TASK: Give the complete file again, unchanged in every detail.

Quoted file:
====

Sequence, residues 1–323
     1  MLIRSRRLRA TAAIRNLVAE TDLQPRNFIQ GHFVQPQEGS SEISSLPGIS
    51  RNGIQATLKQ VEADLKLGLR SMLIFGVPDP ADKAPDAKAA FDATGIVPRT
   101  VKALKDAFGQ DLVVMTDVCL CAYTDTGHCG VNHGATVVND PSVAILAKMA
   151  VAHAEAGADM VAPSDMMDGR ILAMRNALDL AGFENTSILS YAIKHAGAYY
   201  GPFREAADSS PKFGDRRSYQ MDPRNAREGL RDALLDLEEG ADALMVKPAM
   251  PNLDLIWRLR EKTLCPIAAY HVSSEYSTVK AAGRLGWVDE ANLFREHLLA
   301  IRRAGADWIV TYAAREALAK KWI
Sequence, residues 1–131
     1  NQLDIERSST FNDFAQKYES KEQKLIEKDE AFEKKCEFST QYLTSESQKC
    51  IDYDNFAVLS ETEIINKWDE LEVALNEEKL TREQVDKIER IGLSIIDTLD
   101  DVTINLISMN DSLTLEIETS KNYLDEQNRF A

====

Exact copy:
Sequence, residues 1–323
     1  MLIRSRRLRA TAAIRNLVAE TDLQPRNFIQ GHFVQPQEGS SEISSLPGIS
    51  RNGIQATLKQ VEADLKLGLR SMLIFGVPDP ADKAPDAKAA FDATGIVPRT
   101  VKALKDAFGQ DLVVMTDVCL CAYTDTGHCG VNHGATVVND PSVAILAKMA
   151  VAHAEAGADM VAPSDMMDGR ILAMRNALDL AGFENTSILS YAIKHAGAYY
   201  GPFREAADSS PKFGDRRSYQ MDPRNAREGL RDALLDLEEG ADALMVKPAM
   251  PNLDLIWRLR EKTLCPIAAY HVSSEYSTVK AAGRLGWVDE ANLFREHLLA
   301  IRRAGADWIV TYAAREALAK KWI
Sequence, residues 1–131
     1  NQLDIERSST FNDFAQKYES KEQKLIEKDE AFEKKCEFST QYLTSESQKC
    51  IDYDNFAVLS ETEIINKWDE LEVALNEEKL TREQVDKIER IGLSIIDTLD
   101  DVTINLISMN DSLTLEIETS KNYLDEQNRF A